In Dark City: Psychotic and other Twisted Malaysian Tales, all seven deadly sins are explored in great detail.

Xeus took two months, between having a full time job, to write the first draft, another month to rewrite it and yet another for editing. “I wrote for one or two hours each day. Sometimes during weekends, I’d finish an entire short story in a day.”

Reviews from the trade press have been great, with accolades like ‘remarkable’ and ‘it’s that good’ being tossed around.

*a pseudonym

I also met Ted and his better half at the writer's workshop today. Hi Ted!! Looking forward to your first book. I'll post more on this workshop later.

Thursday, August 17, 2006

Sniff...a sweet letter

I bought the Merdeka copy of Galaxie today. There's a review of Dark City and an interview with me. I'll post those later. But meanwhile, I got yet another spin snippet for the back cover of my next English edition and Malay edition.

“Each tale opens with a disturbing can of worms…..Psychotic, The Six Million Dollar Man and The Resistance are sensational and thought-provoking…..a fun read with plenty of thrills to keep you engaged.”


Hee hee. I'm getting quite good at abbreviating reviews.

Anyway, there was a very sweet letter regarding one of my columns. I write 2 columns for Galaxie, and this is one I've kept for over 10 years now. Imagine - 10 years on the same column! Along the way, I've received bouquets and brickbrats. During the Michael Jackson baby stint back in the 90's, I wrote about how weird Mikey was (he still is) and received quite a lot of hate mail.

Recently, I wrote about how horny King Kong was and apparently received quite a lot of complaints as well! It's fun to write an entertainment column that provokes such strong feelings.

I've also received many great letters along the way, all of which are published in the Letters column of Galaxie. Going down (sniff) memory lane, I remember one letter telling how a student was reading my column under her desk in class, and she laughed out loud. The teacher demanded to see what she was reading, and she showed her. The teacher then read out my column to the entire class, and everyone had a good laugh.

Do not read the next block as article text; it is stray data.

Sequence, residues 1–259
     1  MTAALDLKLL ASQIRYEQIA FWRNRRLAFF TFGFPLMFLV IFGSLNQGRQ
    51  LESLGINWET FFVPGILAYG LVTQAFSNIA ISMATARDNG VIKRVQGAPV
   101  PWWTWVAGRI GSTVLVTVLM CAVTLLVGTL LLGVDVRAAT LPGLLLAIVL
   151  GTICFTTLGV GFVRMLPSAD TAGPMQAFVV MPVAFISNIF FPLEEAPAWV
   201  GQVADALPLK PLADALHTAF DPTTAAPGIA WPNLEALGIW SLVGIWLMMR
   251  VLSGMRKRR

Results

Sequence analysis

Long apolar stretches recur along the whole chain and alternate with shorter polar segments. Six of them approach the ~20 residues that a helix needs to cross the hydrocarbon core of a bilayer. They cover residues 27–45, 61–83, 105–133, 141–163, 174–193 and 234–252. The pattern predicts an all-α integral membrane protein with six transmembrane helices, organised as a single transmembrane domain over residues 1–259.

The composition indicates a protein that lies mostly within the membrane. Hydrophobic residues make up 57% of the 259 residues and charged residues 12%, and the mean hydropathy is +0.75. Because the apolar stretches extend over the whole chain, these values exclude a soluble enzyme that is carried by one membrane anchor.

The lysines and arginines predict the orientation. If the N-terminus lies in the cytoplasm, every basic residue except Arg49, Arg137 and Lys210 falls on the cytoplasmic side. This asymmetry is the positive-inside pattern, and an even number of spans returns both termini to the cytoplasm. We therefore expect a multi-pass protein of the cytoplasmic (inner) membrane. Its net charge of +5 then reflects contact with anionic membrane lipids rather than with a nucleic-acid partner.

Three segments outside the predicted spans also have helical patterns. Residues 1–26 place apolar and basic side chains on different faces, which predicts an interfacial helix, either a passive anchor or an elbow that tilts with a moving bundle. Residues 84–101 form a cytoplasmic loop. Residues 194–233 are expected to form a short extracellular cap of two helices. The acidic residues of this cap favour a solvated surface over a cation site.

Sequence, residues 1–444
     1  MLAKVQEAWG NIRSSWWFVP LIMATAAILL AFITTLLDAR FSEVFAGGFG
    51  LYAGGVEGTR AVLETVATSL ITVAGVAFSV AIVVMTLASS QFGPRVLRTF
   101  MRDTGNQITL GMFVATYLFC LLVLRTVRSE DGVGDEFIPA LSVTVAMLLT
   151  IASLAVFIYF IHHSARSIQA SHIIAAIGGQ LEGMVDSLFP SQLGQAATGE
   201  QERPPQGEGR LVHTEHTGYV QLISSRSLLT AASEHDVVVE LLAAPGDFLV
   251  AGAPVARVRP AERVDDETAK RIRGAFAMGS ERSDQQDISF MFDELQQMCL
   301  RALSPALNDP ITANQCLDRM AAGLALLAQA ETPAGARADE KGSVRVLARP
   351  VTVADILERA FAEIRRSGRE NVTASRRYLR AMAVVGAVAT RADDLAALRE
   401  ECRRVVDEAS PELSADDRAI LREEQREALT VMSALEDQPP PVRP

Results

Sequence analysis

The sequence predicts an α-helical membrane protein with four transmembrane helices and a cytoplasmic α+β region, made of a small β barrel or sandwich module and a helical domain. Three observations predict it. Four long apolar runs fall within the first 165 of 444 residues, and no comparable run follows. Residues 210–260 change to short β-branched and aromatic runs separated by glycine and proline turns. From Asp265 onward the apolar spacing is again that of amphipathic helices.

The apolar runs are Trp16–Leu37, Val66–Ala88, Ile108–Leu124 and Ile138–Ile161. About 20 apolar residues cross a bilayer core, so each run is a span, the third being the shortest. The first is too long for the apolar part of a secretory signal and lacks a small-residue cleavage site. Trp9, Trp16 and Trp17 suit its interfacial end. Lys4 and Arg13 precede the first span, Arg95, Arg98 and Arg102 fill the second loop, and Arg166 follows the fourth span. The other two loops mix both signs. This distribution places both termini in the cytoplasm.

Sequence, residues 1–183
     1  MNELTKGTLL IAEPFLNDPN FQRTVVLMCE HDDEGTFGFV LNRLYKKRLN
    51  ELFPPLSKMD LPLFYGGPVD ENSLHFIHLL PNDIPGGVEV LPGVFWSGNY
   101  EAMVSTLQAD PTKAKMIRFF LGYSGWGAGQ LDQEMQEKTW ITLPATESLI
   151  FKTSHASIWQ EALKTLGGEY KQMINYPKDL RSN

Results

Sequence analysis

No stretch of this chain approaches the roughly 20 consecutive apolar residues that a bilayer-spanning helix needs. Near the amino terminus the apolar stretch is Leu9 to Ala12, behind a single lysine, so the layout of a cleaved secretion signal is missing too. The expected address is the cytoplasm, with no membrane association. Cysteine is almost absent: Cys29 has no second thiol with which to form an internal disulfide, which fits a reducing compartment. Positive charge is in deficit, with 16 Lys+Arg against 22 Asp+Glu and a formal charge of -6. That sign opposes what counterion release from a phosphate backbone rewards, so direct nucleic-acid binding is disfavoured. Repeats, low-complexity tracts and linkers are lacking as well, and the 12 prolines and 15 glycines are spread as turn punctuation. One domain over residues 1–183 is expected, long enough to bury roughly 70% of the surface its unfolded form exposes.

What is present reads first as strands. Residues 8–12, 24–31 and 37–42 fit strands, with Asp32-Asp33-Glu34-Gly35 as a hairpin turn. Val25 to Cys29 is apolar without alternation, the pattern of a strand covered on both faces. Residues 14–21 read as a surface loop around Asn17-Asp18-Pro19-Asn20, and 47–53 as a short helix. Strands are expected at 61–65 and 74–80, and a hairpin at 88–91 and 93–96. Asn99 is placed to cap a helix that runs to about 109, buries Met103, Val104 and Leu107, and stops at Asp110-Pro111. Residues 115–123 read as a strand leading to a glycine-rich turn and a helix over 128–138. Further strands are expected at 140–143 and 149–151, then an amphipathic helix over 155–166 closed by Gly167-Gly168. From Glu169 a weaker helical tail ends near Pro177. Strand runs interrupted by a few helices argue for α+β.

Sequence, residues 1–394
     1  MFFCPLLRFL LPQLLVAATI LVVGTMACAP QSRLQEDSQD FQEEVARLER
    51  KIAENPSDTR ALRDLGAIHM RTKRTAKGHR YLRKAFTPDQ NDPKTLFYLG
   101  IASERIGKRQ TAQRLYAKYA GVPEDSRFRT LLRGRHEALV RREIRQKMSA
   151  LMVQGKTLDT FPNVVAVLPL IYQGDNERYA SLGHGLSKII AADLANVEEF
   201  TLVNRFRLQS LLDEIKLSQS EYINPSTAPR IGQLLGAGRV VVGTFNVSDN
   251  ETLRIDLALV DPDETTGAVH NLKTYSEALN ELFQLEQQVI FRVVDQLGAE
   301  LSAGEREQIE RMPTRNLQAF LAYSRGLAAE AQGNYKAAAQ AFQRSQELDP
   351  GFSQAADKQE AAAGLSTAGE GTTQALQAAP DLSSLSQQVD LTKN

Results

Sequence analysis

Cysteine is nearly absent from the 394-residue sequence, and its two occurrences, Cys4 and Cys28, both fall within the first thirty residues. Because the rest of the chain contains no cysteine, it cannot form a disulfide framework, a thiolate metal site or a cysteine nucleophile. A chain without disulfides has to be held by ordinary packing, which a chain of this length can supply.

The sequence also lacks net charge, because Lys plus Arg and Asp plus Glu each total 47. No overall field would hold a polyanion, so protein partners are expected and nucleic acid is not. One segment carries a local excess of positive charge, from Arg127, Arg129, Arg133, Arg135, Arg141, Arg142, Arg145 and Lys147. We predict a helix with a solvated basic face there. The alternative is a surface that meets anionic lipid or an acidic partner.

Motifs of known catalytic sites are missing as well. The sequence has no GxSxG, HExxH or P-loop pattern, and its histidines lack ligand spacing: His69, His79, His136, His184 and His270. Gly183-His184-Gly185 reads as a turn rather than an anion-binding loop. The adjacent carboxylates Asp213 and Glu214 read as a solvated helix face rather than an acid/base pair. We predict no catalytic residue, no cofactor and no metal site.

And since I now have a blog, I'll share the most recent one in this current issue. There's no secret that I'm also Suzie of Galaxie, and since Suzie is also a pseudonym, here goes:

"I'm wondering about my most favourite column, Suzie Says. I've noticed that Suzie's page has not been featured in 2 issues and I was wondering why. I hope you've not stopped this column because she does have fans out there. Regardless of the complaints you got for her article Horny, Hairy Ape, many of us think her column is brilliant. I've been an ardent fan of hers for many years and I just worship her eruditeness and wit. I may be opinionated, but I think she unequivocally rocks and I think she is what distinguishes Galaxie from other local magazines. So please do not exclude her from future editions, OK?"

Santheira, via e-mail


Anyway, I was interviewed by The Sun today and Klue yesterday. More on that when it appears.

Tuesday, August 15, 2006

If you have writer's block, should you try to force it?

Every now and then, I have the incredible urge to NOT write. Like for the last few days. I was bogged down by work, and didn't have the energy to lift a pen (uh, tap into a computer.) And of course, if I haven't written, I feel guilty as sin.

Do you ever feel that way?

So - do you force it even when you don't feel like writing, even when your brain's as dry and uncreative as a wispy bone?

Some writing books advocate that you should do 1 page every day, even if you don't feel like it. You should, they say, whittle at it even when the words are forced and painful and you feel like you're writing something totally unpublishable. Honestly, I've tried that, and I realized, "Hey, writing's supposed to be my hobby. I'm supposed to enjoy it. Why am I forcing it?"

Then of course, some days, the words and ideas just fly. I would do pages and pages and even whole chapters. Some of the stories in Dark City were written in 1 day, just because I had the 'urge.' That's why these days, when I don't feel like writing, I don't force it. And when I do, I let it flow.

What's your style?

Anyway, I'm going to the MPH Writer's Circle this Saturday. Gonna meet up with Oon Yeoh, who promised to interview me for his new magazine. Anyone coming? Thought I need the camaraderie of other writers to make me snap back into effortless writing.

Wednesday, August 09, 2006

Why the Singaporean National Library banned me

My Singaporean literary agent gave me the scoop on why Dark City was banned by the Singaporean National Library.

"DC was restricted because of profane language and obscene content,says the report. No surprise,there is always a double standard when the authorities censure the local works as compared to their leniency with English and American works."

I see. So they are allowed to stock American and English books with profane and obscene content, like works from DC Lawrence or Joyce. But NOT Singaporean and Malaysian works.

I don't get it. Why the double standards? Are we in South East Asia meant to be 'pure'?

PURE? Us Asians? Who's anyone trying to kid?

Sunday, August 06, 2006

I've been banned!

Would you believe it? I've been banned by the Singapore National Library. They refused to stock my book in all their branches, citing 'It's too explicit and graphic" after reading a few chapters.

The outrage!

At least I haven't been banned here by our own Dewan Bahasa and Pustaka. They took 5 copies to keep as 'National Heritage.' I'm not sure I can quite call Dark City a national heritage, but at least I can count on my own countrymen/librarians to support me.

Aside, I've been offline for several days now, thanks to Streamyx. But those TM guys have been working around the clock to restore it. And they have. Kudos. They get a bad rap, but sometimes they get it right.